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High flyers join the team guiding aircraft to a safe touchdown

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New air traffic controllers: Oral Barnett, left, Malik Robinson and Omar Dill on top of the airport control tower in St David’s (Photograph by Jonathan Bell)

Three new air traffic controllers were welcomed to the job this week as the veteran who guided them through training watched.

Oral Barnett, Omar Dill and Malik Robinson joined instructor Patricia Peets at the airport as they prepared to start their careers.

Guiding light: Patricia Peets, the air traffic control training supervisor at the airport (Photograph by Jonathan Bell)

Mr Dill said his interest in the job was sparked by five years working with the fire service and airport operations, where he listened in on communications with the controllers.

Mr Dill said: “There’s never a dull moment.”

He added he welcomed the responsibility of being in “the hot seat” and overseeing a steady flow of private and commercial flights.

Mr Dill, Mr Robinson and Mr Barnett made up the largest group of Bermudians trained in the high-stakes role since two people were licensed in 2007.

The welcome ceremony was held on Monday outside the air traffic control tower that overlooks the airport runways from a hilltop in St David’s.

The controllers were trained to keep cool and anticipate the unexpected as they track flights by radar and liaise with the weather service.

The three new controllers were licensed on July 22 after classroom and on-the-job training.

They had their instruction pushed from March to August last year after the Covid-19 pandemic struck.

They trained for seven months with Ms Peets after 14 weeks at Global Aviation Training Services at Gloucestershire Airport in the UK.

Mr Robinson said his father was a ship’s pilot for Marine & Ports, but that aviation had been his dream “since I was a kid”.

He added: “I am the only one in the family into aeroplanes.

“I just always wanted to work down here. I saw the ad, I applied, and here we are today.

“The experience has been great. The biggest thing for us is preparing for the unknown – always being ready.”

The three were selected from a list of more than 100 applicants.

Mr Barnett said he dreamt of an aviation career from primary school and loved watching aircraft coasting down the runways at the airport.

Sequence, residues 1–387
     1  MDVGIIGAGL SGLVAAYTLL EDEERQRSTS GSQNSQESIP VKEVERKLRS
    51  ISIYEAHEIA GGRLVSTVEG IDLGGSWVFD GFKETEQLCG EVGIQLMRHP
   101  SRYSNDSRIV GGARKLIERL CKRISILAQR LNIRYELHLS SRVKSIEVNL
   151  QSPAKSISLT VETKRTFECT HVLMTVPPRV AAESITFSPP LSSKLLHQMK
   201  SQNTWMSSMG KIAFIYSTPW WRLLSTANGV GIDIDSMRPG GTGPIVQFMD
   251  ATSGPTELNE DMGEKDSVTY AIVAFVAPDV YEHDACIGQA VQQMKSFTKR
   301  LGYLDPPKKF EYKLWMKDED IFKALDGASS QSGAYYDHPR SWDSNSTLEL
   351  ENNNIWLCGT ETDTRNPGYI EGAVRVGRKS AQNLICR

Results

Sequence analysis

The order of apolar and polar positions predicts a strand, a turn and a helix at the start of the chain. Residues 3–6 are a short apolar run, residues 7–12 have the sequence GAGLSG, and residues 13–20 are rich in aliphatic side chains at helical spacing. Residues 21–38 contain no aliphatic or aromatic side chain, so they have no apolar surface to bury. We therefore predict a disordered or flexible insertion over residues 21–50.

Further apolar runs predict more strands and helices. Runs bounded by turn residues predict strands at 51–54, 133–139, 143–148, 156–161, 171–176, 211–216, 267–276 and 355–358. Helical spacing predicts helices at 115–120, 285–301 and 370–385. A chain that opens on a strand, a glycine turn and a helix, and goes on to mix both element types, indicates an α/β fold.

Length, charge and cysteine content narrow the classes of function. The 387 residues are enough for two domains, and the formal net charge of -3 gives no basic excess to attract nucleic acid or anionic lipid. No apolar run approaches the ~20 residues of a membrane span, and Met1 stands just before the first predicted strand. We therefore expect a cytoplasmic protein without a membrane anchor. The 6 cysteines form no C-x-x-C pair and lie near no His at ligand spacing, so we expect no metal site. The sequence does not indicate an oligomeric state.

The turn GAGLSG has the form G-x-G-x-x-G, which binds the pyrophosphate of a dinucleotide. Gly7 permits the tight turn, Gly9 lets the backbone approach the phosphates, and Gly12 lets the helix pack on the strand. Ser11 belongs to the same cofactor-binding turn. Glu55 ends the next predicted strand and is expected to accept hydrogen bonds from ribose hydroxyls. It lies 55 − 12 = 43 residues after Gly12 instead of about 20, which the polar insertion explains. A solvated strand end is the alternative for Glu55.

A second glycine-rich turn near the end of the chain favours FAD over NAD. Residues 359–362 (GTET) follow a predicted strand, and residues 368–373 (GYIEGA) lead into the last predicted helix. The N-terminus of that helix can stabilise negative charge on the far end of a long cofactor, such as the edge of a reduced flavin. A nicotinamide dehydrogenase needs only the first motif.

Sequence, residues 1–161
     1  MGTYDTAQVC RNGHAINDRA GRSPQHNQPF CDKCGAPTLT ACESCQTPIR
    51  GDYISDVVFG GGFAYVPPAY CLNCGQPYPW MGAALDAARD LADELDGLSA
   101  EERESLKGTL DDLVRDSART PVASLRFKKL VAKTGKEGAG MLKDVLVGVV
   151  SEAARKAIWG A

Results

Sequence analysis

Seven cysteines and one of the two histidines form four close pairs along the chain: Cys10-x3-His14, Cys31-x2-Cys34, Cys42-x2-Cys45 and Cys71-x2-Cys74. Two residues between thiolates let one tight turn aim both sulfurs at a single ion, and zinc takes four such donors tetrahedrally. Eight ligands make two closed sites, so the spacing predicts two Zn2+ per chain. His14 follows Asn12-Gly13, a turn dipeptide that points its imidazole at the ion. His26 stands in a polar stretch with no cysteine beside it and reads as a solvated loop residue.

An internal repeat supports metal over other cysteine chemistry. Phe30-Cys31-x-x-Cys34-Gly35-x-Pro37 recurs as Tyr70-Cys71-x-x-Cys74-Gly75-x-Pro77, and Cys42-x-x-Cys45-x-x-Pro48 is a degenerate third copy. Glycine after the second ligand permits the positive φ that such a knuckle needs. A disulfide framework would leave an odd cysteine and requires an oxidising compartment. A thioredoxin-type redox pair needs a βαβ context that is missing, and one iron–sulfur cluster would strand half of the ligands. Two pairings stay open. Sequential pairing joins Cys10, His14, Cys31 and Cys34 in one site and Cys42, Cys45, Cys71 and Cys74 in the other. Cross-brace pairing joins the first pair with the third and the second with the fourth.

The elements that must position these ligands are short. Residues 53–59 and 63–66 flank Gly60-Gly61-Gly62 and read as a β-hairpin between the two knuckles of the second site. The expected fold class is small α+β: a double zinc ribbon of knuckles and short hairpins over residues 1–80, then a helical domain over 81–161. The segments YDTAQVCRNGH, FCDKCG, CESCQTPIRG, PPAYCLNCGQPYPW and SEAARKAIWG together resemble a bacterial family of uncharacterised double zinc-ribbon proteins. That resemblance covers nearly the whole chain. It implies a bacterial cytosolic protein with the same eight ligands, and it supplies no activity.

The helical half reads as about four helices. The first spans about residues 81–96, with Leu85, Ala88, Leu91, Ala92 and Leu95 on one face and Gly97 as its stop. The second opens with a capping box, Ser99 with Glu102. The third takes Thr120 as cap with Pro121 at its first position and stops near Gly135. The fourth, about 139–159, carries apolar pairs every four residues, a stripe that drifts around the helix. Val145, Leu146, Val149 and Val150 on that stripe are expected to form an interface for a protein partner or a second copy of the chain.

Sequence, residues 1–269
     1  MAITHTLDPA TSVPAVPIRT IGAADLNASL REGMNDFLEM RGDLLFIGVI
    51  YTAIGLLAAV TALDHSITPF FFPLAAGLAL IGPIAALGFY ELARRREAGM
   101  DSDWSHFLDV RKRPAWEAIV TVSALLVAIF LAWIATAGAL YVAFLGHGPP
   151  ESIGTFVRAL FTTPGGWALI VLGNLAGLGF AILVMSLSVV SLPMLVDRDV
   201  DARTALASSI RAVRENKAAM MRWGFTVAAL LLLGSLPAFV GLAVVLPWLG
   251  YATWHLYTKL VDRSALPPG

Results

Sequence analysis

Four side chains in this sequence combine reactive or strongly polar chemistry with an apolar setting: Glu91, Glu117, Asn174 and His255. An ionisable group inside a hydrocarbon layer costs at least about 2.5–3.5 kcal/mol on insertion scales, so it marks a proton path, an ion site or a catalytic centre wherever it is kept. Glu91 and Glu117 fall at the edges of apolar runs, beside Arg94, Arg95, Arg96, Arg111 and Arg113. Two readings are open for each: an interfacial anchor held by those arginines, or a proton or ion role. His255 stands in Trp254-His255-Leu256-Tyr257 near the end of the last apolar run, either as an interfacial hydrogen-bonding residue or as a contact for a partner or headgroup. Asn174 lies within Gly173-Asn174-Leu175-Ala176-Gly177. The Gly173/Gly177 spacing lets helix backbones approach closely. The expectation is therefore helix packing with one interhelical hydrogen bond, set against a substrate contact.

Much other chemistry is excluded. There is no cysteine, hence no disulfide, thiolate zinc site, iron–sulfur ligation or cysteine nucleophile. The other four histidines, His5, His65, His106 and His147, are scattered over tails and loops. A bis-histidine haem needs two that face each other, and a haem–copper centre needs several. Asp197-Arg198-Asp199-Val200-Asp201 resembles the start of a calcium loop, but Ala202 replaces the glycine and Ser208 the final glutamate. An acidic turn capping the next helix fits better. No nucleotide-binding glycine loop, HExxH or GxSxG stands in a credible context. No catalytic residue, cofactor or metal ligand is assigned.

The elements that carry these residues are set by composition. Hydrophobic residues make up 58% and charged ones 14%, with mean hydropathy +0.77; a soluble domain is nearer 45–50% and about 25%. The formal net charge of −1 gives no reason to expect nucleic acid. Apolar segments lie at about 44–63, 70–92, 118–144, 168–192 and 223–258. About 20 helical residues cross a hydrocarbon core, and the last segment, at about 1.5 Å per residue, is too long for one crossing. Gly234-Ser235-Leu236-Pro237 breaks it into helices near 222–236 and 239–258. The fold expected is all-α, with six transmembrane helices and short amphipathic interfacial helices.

He added: “With this job, you don’t have second chances.

“Every transmission, every bit of communication, you have people’s lives in your hands.

“It’s really nice work, but there’s a great sense of responsibility.

“Bermuda is in the middle of the Atlantic from, say, New York to Europe. We’re the only place when something goes wrong – the alternate destination.”

Ms Peets said: “Watching the three of them grow, being able to pass on my knowledge, was really an honour.

“As I always say to them in class, they are the group that’s going to take air traffic control forward in Bermuda.”

Ms Peets was Bermuda’s first civilian in the role 26 years ago.

She welcomed USAir Flight 599 on June 5, 1995 as the airport was handed over to Bermuda by the US Navy.

Hitting the heights: New air traffic controllers Oral Barnett, left, Malik Robinson and Omar Dill (Photograph by Jonathan Bell)

Ms Peets, who worked for 13 years in air traffic control in Barbados before she moved to Bermuda, said: “It is intense. The thing is, you have to remain calm, be strong as a person, be flexible and change with different situations.

“It’s in the training. You are prepared in the event that something happens.”

Lester Nelson, the CEO of the Bermuda Airport Authority, welcomed the new staff.

Lovitta Foggo, the chairwoman of the BAA, told the gathering: “We are here to let Bermuda know that when we take to the air, we are in safe hands.”

Lawrence Scott, the transport minister, congratulated the three on their “stellar performance” overseas and at home, despite the problems caused by the pandemic.

He added: “It is nothing less than extraordinary, amazing and awesome.

“Welcome on board.”

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Published September 01, 2021 at 7:59 am (Updated September 01, 2021 at 7:59 am)

High flyers join the team guiding aircraft to a safe touchdown

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